Just when you most expected it: The EU’s new duties on Chinese EVs   

Electric vehicle charger plugged in and wrapped around the rail
Electric vehicle charger plugged in and wrapped around the rail. Photo by Ivan Radic on Flickr.

Yesterday, the EU notified carmakers that it will impose countervailing duties ranging from 17.4% to 38.1% on imports of Chinese electric vehicles (EVs) starting in July. This decision follows an anti-subsidy probe into Chinese EVs initiated last September and comes after the US’ recent move to increase tariffs on Chinese EVs to 100%. The EU’s decision aims to prevent material injury to its industry from subsidized Chinese EVs but will have long-term consequences for the EU’s transition to a clean economy.

Both the EU and the US have been raising concerns about Chinese overcapacity of electric vehicles and other clean technologies flooding global markets and undermining their domestic industries. Chinese EV manufacturers are estimated to have up to a 30% cost advantage due to massive amounts of state subsidies into the sector. Last month, the Biden administration quadrupled its tariff on imports of Chinese EVs to 100%. In practice, sales of Chinese-made EVs to the US are already negligible, but the move added pressure on Europe to follow suit, as it remained one of the few markets open to Chinese car imports.  

Previously, the baseline duty on EVs imported from third countries to the EU was 10%. The European Commission has now announced an additional duty of up to 38.1% on Chinese manufactured EVs, depending on the level of subsidization as calculated by the EU, set to take effect in July.  The highest duty also targets companies that refused to comply with the investigation, reflecting a clear response to the lack of transparency from these Chinese companies.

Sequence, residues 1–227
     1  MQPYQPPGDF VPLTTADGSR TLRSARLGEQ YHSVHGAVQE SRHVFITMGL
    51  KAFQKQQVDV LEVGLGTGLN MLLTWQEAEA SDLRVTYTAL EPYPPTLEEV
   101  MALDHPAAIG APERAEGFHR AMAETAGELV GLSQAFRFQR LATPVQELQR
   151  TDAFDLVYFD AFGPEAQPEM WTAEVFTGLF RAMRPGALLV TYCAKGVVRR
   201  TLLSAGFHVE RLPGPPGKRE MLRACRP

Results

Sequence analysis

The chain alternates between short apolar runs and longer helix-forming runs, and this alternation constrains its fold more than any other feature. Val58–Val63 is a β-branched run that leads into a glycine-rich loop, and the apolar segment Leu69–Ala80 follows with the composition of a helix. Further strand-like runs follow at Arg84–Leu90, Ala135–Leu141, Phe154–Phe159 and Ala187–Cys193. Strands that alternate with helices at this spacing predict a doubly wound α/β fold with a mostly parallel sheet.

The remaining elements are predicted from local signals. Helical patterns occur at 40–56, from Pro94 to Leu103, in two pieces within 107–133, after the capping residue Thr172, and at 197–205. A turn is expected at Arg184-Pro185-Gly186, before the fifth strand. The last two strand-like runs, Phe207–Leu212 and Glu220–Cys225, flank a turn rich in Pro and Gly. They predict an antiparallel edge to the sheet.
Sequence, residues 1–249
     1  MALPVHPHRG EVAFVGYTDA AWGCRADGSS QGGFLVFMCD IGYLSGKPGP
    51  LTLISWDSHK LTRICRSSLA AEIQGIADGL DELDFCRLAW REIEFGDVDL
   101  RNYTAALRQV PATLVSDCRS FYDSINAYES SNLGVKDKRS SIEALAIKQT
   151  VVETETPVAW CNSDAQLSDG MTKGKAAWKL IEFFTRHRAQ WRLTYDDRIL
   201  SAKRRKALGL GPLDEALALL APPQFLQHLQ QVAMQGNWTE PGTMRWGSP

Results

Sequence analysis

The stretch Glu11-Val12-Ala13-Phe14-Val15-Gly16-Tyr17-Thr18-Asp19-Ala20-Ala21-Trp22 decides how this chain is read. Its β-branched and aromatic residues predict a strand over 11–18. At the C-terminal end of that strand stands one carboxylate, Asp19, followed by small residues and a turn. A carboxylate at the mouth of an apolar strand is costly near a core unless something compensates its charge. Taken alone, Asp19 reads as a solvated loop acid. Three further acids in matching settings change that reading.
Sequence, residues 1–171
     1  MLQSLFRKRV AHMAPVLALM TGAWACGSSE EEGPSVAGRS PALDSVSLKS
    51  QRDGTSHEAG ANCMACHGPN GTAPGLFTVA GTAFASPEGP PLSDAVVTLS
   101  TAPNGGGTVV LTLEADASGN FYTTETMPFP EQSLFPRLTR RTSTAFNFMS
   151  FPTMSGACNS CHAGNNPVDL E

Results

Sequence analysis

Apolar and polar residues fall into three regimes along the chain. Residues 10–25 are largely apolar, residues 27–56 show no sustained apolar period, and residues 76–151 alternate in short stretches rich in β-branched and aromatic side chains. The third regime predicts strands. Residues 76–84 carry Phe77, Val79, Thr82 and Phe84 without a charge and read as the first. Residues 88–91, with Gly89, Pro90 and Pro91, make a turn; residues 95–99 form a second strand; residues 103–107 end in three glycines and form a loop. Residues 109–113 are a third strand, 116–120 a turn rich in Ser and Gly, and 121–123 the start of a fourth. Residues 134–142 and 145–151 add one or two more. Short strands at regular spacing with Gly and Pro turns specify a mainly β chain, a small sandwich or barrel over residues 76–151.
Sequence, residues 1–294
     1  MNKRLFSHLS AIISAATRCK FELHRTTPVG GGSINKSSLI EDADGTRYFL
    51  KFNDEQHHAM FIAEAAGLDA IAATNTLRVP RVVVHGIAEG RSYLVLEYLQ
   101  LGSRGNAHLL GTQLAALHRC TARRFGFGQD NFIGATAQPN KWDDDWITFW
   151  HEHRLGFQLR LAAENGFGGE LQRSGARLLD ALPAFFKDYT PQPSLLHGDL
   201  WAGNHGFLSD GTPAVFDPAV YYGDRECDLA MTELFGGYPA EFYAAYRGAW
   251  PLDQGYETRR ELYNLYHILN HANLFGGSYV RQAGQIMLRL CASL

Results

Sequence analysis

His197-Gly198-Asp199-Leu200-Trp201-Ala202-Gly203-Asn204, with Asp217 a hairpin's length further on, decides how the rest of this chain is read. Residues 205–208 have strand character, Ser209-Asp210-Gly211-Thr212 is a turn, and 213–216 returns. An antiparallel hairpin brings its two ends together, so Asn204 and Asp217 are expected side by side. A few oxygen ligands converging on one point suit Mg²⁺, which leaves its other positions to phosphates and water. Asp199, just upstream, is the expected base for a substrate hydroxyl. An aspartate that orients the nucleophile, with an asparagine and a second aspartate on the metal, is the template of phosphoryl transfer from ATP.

The EU’s move is less aggressive than that of the US. Unlike the US, which has justified its 100% tariff under its favoured Section 301, the EU claims to have based its duties on the outcomes of its subsidy investigation, a due process requirement under WTO rules. It is nevertheless a bold action to take. The EU is much more dependent on trade with China, particularly for its export markets. The subsidy probe has divided Member States for months. While the French are concerned about Chinese EVs flooding the European market, several European carmakers, particularly in Germany and Slovakia, export high-value models to Chinese markets. If, or rather when, China retaliates, it could target these imports. Beyond the car industry, other critical European sectors such as aviation or agriculture could face retaliation from China.  

The China subsidy probe reflects not only current geopolitical tensions around China but also internal EU politics around the European elections. European Commission President Ursula Von der Leyen’s re-election campaign message focused on taking action to protect industries, and EV tariffs could be just the start as concerns about Chinese market practices extend to a range of green technologies, including batteries and wind. China’s near dominance in the global market for clean energy components and the processing of critical minerals essential for clean technologies is viewed as posing acute risks to Europe’s economic competitiveness, national security, energy security and climate goals. Moreover, the threat of Chinese economic coercion for political purposes, as in the case of Australia and Lithuania, has further eroded Europeans’ trust in Beijing. 

The EU’s duties are designed to level the playing field and protect the EU EV industry from being wiped out. However, without a broader policy strategy to accelerate the transition of the European car sector, these measures could end up hurting European industries and the green transition. To systematically reduce its clean-tech dependence on China while maintaining its pace for the transition, the EU cannot rely solely on trade defence to shield domestic industries. Instead, the EU needs a coherent and credible industrial strategy to bolster the European EV industry and overall competitiveness. This includes not undermining its own policy through a reversal of the EU’s 2035 ban on the sale of new cars with internal combustion engines.  

With anti-subsidy investigations likely to proliferate and tougher rhetoric from EU and US leaders against China, fears of a looming trade war are growing. Given its level of dominance in green supply chains, Chinese technologies and supply chains will play a role in the EU’s transition for the foreseeable future. As two of the world’s biggest emitters, the EU and China must continue to jointly address climate change, tackling these issues head-on in bilateral settings to prevent trade tensions spilling over into multilateral climate talks. 


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